Poor Man Rice Pudding
As told to Erin Byers Murray by Serigne Mbaye
Dirty Pages is an ongoing recipe exhibit in Nashville. In this installment, we hear from Serigne Mbaye, a senior line cook at Commander’s Palace in New Orleans. Since his teenage years, he has worked his way through numerous restaurant kitchens. He pulls from those experiences to recreate a rice pudding recipe from his youth. – Erin Byers Murray
I was born in New York, but when I was five, my parents sent me to a boarding school in Senegal, where I spent my childhood. My parents were going through a lot, and I was the young one, so it was easier to ship me away. I got there, this kid from America, five years old, and everything changed. It was not a fun childhood. But by the time I was nine, I was cooking for everyone at the school. When you cooked, you got known. People respected you and if you was in trouble, people could help you. They’d say, “He that guy that know how to cook.”
We used to make this dish called sombi, a rice pudding. Every night for dinner, we would eat white rice with some type of sauce, then we’d save the rice and in the morning, make this sombi. It didn’t taste great because it was not seasoned correctly. It was cheap. We’d only put sour cream and salt and that’s it. But you ate it because you had no option. If you didn’t eat that, you wouldn’t eat till lunch. It was terrible but even as a young kid I knew that no matter how simple the dish, there was always a way to make it better.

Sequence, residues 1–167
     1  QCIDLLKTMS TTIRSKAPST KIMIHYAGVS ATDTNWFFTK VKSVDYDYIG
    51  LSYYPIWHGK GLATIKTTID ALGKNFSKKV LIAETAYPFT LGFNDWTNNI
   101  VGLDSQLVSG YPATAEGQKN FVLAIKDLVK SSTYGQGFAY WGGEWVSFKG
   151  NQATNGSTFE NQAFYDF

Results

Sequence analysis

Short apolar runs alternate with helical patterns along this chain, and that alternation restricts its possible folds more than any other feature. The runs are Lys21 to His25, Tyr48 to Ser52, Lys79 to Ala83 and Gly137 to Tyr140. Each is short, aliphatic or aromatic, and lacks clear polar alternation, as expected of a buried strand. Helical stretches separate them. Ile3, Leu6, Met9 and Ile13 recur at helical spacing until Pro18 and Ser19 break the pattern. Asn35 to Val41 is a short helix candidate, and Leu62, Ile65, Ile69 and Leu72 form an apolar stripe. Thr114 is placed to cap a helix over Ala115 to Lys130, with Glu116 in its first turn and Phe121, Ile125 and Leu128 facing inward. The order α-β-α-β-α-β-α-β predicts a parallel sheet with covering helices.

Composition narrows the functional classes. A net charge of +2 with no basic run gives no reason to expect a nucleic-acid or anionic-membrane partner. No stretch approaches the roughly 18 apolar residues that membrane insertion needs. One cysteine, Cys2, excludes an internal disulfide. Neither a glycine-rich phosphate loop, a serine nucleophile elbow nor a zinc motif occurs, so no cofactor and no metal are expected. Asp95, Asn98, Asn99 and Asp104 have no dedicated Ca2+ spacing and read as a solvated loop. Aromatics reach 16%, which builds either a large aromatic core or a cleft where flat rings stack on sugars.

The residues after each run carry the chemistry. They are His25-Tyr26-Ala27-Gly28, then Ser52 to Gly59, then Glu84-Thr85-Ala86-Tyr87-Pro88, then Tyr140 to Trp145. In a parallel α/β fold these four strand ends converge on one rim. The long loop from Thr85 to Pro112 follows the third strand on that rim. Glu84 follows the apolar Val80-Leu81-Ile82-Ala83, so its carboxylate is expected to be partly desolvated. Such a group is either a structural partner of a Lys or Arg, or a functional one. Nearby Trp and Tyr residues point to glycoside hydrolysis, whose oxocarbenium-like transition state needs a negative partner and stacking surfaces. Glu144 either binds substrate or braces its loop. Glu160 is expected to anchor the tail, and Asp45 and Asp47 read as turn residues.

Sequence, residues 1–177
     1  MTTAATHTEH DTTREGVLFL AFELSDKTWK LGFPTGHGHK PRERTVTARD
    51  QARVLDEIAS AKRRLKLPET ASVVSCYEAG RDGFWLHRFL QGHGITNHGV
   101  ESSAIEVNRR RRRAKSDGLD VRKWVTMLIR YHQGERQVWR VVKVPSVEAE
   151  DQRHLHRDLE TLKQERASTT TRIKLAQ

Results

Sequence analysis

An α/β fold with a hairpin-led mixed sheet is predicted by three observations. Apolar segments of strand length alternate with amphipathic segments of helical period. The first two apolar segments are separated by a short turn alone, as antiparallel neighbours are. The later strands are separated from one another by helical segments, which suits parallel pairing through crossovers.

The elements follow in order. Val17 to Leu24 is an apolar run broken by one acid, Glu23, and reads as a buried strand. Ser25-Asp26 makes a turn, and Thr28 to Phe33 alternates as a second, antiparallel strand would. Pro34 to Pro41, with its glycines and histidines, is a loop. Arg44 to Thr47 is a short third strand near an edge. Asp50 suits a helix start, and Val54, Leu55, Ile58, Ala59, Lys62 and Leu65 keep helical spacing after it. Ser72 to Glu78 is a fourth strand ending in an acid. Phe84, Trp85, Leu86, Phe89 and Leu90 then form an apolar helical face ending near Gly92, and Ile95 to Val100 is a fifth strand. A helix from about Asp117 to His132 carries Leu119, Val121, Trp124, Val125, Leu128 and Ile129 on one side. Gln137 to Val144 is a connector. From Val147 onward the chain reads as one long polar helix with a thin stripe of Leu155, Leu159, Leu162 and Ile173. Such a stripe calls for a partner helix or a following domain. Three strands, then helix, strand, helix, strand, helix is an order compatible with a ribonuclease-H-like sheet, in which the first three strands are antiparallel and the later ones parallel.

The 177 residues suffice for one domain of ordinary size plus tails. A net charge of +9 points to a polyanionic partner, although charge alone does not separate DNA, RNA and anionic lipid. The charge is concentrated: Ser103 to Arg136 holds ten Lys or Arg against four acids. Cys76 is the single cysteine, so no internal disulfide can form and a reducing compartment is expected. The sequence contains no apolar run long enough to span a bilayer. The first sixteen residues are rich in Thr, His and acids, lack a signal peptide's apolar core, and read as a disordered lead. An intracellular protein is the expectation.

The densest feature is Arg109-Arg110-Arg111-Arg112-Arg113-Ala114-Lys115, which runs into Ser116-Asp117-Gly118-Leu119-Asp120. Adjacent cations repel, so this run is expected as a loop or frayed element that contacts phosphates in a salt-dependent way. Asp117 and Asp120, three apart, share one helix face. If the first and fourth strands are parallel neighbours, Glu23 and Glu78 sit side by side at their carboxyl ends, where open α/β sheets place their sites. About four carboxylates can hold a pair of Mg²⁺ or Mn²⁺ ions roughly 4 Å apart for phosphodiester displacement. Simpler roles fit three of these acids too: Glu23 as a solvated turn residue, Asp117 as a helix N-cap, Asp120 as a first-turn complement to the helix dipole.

I saw my parents only a few times within the nine years I was in Africa. I had to be reintroduced to them at age fourteen, when they brought me back to the United States. I learned this later, but back in the late 1980s, my mom came to America and opened up a Senegalese restaurant [in Harlem]. The restaurant closed a couple of years before I was born. Cooking is a big part of my mom’s culture. In Senegal, people will teach you—but they aren’t going to teach you their secrets. My mom did. She ended up teaching me everything I need to know.
I started working in kitchens in high school—I worked as a dishwasher at two different jobs during my senior year. Then, I got the chance to become a salad cook, doing garde manger. I worked in a Japanese restaurant, then a Cuban restaurant. Later, I got accepted into the New England Culinary Institute. So, after I went to culinary school, I ate rice pudding somewhere and I’m like, “This reminds me so much of Senegal.” I got home and tried to make it and was like, “If I could just incorporate some of the techniques I’ve learned, I could see this come to life.”
Poor Man Rice Pudding
1 cup uncooked short-grain rice
1 cup water
1 cup coconut milk
1⁄4 cup honey
1⁄3 teaspoon salt
1⁄3 cup sugar
1 tablespoon butter
1 teaspoon vanilla extract
1⁄3 cup fresh fruit (berries, peaches,
or whatever is available)
Bring the water to a boil and add the salt and rice. Reduce heat to low. Cook for 15 minutes.
Add honey, coconut milk, and sugar to the rice. Stir constantly over medium heat until the rice is creamy and thick, about 5 minutes. Remove from heat.
Add butter, vanilla, and fresh fruit. Stir until creamy and serve at once.